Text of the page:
Password Managers Just Got A Lot More Accessible

LastPass expanding free password manager service to multiple devices could protect us from the internet of things
Stealing A Password
There's no great visual representation for a computer program that encrypts other passwords and needs a password to unlock. Psyomjesus, via Wikimedia Commons CC BY-SA 4.0

Human memory is a weak point in cyber security. Passwords are an essential part of existing on the internet, and most of them are terrible. But they are terrible for good reason: Passwords need to be remembered and long, obscure phrases built out of letters, numbers, and symbols are hard, so people tend to pick up something basic like abc123, and then leave it alone until they’re eventually hacked and locked out of their email.

Password managers are apps that generate and store unique passwords, matched to the sites that need them, all in encrypted metaphorical vaults. LastPass is just one in a growing field of password manager apps, and yesterday it announced that it was expanding its free service to work on multiple devices. Previously, using the same LastPass account on a phone, computer, tablet, etc, required signing up for the company’s premium service, at $12 a year.

“We can’t expect everyone to have strong and unique passwords for every site and service they use”, says Jeffrey Goldberg who runs security research for AgileBits, the company that makes Password, a different password manager. Security isn’t all-or-nothing, says Goldberg, but instead it is habits that can be improved over time, and password managers are one of those.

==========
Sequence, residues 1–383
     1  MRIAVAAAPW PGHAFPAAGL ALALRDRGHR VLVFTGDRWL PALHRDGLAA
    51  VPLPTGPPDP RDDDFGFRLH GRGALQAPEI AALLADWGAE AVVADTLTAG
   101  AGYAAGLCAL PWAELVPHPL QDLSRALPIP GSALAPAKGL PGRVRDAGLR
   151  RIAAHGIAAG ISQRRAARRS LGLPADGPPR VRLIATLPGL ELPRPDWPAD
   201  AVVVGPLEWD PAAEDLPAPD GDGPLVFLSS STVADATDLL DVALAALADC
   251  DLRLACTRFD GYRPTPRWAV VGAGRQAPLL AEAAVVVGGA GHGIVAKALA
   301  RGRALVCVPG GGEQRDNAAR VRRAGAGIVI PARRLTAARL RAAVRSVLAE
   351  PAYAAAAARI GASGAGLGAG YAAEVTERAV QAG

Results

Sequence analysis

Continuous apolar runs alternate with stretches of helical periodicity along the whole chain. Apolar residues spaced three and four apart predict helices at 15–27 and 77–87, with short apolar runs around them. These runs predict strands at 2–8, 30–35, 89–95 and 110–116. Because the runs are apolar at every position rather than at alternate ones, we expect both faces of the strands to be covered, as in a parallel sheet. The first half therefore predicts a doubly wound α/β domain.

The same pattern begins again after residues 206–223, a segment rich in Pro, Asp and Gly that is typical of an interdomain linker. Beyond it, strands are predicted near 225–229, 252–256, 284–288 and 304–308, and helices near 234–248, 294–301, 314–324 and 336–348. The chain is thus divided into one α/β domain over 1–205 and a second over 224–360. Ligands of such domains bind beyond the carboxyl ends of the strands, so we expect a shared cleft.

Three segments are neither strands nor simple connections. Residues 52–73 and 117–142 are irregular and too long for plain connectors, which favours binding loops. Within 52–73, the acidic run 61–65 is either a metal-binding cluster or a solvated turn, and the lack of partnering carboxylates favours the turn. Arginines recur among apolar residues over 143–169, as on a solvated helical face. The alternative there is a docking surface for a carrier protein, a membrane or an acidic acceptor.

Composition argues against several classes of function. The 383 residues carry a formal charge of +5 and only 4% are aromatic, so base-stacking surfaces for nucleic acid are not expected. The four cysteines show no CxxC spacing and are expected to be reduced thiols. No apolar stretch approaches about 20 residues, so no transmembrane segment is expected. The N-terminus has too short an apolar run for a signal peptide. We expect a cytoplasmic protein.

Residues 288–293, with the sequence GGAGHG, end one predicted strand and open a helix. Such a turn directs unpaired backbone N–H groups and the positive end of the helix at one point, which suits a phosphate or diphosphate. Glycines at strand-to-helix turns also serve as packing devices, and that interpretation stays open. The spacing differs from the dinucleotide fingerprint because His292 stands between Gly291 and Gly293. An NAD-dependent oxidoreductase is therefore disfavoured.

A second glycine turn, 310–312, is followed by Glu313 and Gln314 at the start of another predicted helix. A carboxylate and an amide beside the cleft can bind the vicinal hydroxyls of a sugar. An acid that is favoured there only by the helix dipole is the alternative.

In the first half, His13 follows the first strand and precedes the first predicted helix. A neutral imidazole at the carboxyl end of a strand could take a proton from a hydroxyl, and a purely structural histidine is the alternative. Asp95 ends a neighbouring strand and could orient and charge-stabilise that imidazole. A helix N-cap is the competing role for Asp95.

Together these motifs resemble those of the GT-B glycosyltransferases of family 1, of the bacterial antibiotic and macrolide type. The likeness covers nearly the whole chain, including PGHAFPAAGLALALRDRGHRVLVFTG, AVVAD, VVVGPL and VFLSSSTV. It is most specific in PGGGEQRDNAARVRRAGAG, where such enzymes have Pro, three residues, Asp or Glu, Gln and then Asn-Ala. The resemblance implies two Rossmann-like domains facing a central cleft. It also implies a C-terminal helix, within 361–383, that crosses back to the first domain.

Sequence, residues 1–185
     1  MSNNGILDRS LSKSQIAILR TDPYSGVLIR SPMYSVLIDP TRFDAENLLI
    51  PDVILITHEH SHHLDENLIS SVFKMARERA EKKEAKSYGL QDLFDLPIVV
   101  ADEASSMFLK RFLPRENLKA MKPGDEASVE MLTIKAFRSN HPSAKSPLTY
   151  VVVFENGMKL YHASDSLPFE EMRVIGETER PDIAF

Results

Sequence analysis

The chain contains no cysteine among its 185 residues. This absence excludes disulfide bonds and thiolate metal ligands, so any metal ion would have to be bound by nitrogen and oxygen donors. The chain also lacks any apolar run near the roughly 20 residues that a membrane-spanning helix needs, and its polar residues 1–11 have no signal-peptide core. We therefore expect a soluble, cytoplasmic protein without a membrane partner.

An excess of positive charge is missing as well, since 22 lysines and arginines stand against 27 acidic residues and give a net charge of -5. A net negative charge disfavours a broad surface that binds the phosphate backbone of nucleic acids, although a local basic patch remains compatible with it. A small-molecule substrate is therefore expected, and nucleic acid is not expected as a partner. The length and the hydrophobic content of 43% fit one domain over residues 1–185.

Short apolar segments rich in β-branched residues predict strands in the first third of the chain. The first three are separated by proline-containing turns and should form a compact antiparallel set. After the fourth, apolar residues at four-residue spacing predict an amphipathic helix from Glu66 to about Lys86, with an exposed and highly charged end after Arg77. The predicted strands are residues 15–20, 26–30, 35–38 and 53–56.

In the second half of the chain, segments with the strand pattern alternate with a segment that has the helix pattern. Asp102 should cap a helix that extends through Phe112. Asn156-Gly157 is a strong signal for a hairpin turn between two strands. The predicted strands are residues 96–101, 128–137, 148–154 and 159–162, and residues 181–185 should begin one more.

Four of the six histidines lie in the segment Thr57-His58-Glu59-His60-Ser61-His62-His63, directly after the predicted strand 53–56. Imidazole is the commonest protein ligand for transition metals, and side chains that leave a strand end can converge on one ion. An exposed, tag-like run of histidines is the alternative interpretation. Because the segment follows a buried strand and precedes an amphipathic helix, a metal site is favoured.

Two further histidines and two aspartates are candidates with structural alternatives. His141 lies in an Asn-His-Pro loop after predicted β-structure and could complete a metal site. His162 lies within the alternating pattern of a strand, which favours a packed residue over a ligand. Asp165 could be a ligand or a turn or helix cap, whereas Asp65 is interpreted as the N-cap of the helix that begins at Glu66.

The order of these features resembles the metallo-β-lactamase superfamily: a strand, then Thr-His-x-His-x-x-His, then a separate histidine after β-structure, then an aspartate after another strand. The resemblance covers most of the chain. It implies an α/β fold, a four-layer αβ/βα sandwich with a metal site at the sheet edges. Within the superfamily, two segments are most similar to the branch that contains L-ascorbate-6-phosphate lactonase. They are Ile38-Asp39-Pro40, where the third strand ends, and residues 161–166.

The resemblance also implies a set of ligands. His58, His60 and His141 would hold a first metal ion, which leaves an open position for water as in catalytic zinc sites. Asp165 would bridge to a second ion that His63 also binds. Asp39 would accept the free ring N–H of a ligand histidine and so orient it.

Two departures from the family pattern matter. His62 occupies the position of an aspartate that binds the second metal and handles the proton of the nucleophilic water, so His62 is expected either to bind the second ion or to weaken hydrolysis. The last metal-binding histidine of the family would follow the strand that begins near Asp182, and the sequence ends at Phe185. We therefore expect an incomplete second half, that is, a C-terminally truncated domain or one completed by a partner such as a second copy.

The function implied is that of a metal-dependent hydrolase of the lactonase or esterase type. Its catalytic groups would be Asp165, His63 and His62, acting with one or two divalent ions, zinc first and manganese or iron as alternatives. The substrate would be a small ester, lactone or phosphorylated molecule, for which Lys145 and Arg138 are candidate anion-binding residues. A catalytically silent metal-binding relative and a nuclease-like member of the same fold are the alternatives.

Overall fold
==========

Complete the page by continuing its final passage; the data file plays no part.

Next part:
Would a free-to-use password manager mean more people adopt the habit? Goldberg is skeptical, and says that it’s more about the habit than the price (Goldberg also notes that 1Password offers free trial months, and other managers do as well, which is one way to get people to learn the habit before hitting the hurdle of cost.

If you’re already using a password manager, are there benefits to you from other users adopting better password security habits? Security expert Bruce Schneier is deeply skeptical;“If you don’t use one, it doesn’t protect you — no matter how many other people use it.”

“In a connected world your security is my security,” says Goldberg, taking a more holistic view. Most serious attacks don’t come directly from the attacker’s systems. Instead they come from systems that the attacker has already compromised. So if you think, “who would want to break into my DVR?” the answer is that anyone who wants to use it as a platform for attacking a more high valued target.”

Earlier this year, the Director of National Intelligence named the internet of things as a major threat to America, and just last month, a massive attack on a domain name server company from hacked, internet of things devices shut down swathes of the internet. Other people putting better passwords, and managed passwords, on their devices won’t make anyone else’s bad passwords any stronger, but it will make it harder to attackers to take over unsecured devices, which makes the internet safer for us all.